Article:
FreightWatch: Cargo theft risk in Mexico remains "Severe"

By Greg Grisolano, Land Line staff writer | 2/20/2014

Shippers and freight haulers, beware. For the second straight year, Mexico is among the world’s most at-risk countries for cargo theft, according to a new report from FreightWatch International.

FreightWatch, which specializes in tracking supply chain information and cargo thefts around the globe, published a report Wednesday, Feb. 19, on the security risk for both over-the-road and rail freight in Mexico. According to the report, Mexico joined Brazil and South Africa as the only three non-warring countries to earn a “Severe” risk rating – the company’s highest risk designation. 

Cargo theft incident levels in Mexico have been estimated at more than 5,000 per year, according to reports by the country’s Interior Ministry, but FreightWatch said the number “likely fails to represent the true scope of the cargo theft plague in Mexico today.”

The company stated that official reports from the Mexican government do not include theft numbers from all states and “it very likely does not include all thefts in those states that do report cargo crimes, given that this type of crime often goes unreported in the country.”

“While the ministry’s 2013 total is lower than the 5,246 cargo crimes reported for 2012, the general consensus among industry leaders is that cargo crime increased from 2012 to 2013,” the report stated. “FreightWatch fourth quarter data for the two years indicates cargo thefts increased just over 14 percent year to year.”

Doug Morris, OOIDA security operations director, said he concurs with FreightWatch’s assessment that the cargo theft problem in Mexico is underreported.

“Unfortunately the numbers being reported by Mexican authorities are not reflective of the true picture as a large number of cargo thefts are not reported or being intentionally removed from reporting all together,” Morris said. “Cargo theft continues to be a major problem in Mexico, and hijackings are much more prevalent in Mexico than in the United States.”

Food and Drinks continue to be the most-targeted sector for thieves in Mexico, and hijacking remains the most common form of theft, per the report.

“Hijacking is a constant and serious concern in Mexico, as this M.O. (modus operandi) not only poses a threat to shipments but to drivers and their security escorts,” the report stated. “However, the percentage of cargo thefts at the hands of hijackers dropped significantly in 2013 as compared with the previous year, going from 83 percent of all incidents to 64 percent. While this is a positive trend, the fact remains that armed and often violent hijackers remain a significant threat in Mexico.”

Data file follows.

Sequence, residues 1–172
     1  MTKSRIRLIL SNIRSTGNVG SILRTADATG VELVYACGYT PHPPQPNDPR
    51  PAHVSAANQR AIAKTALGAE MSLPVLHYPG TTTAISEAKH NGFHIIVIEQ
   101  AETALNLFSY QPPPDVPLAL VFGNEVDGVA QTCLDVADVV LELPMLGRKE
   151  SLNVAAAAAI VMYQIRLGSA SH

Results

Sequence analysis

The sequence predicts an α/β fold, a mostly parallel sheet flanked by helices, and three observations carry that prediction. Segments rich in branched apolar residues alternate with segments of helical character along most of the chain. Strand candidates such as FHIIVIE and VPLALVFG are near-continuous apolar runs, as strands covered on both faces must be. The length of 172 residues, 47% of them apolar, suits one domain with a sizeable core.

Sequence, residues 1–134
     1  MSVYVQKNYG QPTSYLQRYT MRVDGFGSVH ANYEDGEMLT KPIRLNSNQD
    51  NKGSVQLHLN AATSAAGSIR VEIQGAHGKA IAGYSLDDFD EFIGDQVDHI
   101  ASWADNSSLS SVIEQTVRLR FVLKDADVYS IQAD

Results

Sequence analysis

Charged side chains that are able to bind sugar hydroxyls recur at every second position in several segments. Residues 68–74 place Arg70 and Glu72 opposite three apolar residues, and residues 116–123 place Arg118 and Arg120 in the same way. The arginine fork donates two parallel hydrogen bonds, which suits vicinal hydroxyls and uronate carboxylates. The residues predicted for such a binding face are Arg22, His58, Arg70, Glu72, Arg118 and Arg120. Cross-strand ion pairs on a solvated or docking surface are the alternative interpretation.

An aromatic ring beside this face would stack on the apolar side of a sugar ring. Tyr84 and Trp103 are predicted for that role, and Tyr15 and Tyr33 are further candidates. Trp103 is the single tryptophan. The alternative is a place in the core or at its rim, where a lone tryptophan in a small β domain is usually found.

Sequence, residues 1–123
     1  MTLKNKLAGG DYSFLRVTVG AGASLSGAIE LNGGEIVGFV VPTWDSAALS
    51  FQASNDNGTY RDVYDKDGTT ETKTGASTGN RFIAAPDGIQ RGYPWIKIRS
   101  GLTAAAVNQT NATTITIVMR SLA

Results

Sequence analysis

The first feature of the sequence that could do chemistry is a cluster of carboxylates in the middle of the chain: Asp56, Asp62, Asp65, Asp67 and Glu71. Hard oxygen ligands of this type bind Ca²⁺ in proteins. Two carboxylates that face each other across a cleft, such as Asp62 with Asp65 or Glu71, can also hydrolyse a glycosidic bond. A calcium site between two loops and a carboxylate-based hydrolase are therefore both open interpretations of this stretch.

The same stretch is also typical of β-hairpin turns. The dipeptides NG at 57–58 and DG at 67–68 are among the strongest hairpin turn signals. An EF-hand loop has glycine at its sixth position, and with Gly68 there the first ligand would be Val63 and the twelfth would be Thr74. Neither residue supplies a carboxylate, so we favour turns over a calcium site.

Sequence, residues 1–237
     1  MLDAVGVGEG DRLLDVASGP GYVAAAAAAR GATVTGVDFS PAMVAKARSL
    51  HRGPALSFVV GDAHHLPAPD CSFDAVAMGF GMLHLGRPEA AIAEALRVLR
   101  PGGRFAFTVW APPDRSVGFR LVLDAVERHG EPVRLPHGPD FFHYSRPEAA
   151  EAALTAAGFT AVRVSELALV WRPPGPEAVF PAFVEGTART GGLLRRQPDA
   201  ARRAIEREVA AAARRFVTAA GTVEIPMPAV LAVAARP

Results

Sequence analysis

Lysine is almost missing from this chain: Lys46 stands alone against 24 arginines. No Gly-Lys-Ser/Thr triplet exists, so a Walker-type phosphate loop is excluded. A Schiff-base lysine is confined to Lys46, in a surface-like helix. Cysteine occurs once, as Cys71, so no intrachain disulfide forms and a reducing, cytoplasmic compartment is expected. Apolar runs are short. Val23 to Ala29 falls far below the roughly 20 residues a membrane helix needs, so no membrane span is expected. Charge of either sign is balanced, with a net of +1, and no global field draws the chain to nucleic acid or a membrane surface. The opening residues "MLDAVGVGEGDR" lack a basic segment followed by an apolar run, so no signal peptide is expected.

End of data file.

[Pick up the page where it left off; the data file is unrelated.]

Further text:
Other key trends in 2013 outlined by FreightWatch include:

  • Hijackings decreased;
  • Cargo thieves opted for less confrontational methods of operation;
  • Railway theft increased drastically;
  • Stolen cargo was warehoused in Tlaxcala state; and
  • Violence and civil disorder continued in parts of Mexico

While the percentage of hijackings has reduced, FreightWatch said less confrontational methods of stealing loads are on the rise. Theft of trailers increased from 5 to 10 percent from 2012 to 2013. Driver thefts, either by directly stealing cargo or by colluding with cohorts, also increased in 2013, from less than 1 percent in 2012 to 3 percent last year. Warehouse burglaries rose from one year to the next, accounting for 3 percent of all thefts in 2012 and 6 percent in 2013.

Data for 2013 indicates that thieves concentrated their activities on the central states of Jalisco, Guanajuato, San Luis Potosi, Hidalgo, Veracruz, Puebla, Morelos, Tlaxcala, the State of Mexico and the Federal District. However, the northern border states of Tamaulipas, Nuevo Leon, Coahuila and Chihuahua (entry and exit points for enormous amounts of cargo moving to and from the United States) also remained at risk.

The report also includes a breakdown of the number of incidents by state, and a list of the most dangerous highways in the country.

Top 10 MunicipalitiesTotal Thefts
Monterrey, Nuevo Leon
Puebla, Puebla
Guadalajara, Jalisco
Toluca, State of Mexico
San Luis Potosí, San Luis Potosí
Querétaro, Querétaro
Veracruz, Veracruz
Chihuahua, Chihuahua
Morelia, Michoacán
Tlaxcala, Tlaxcala

High-Risk Highways
When travel on any of Mexico’s highways presents some level of risk, some are more dangerous than others. The most dangerous stretches during 2013, according to FreightWatch:

  • All highways in Michoacán state;
  • Stretches of highway between Guerrero & Veracruz states (highways 134, 950, 150, 129 & 140);
  • Mexico City-Nuevo Laredo (highways 57D, 54, 40, 85 and 85D);
  • Mexico City -Puebla-Oaxaca (highways 150 and 135D); and
  • Zacatecas-San Luis Potosí (Highway 49)
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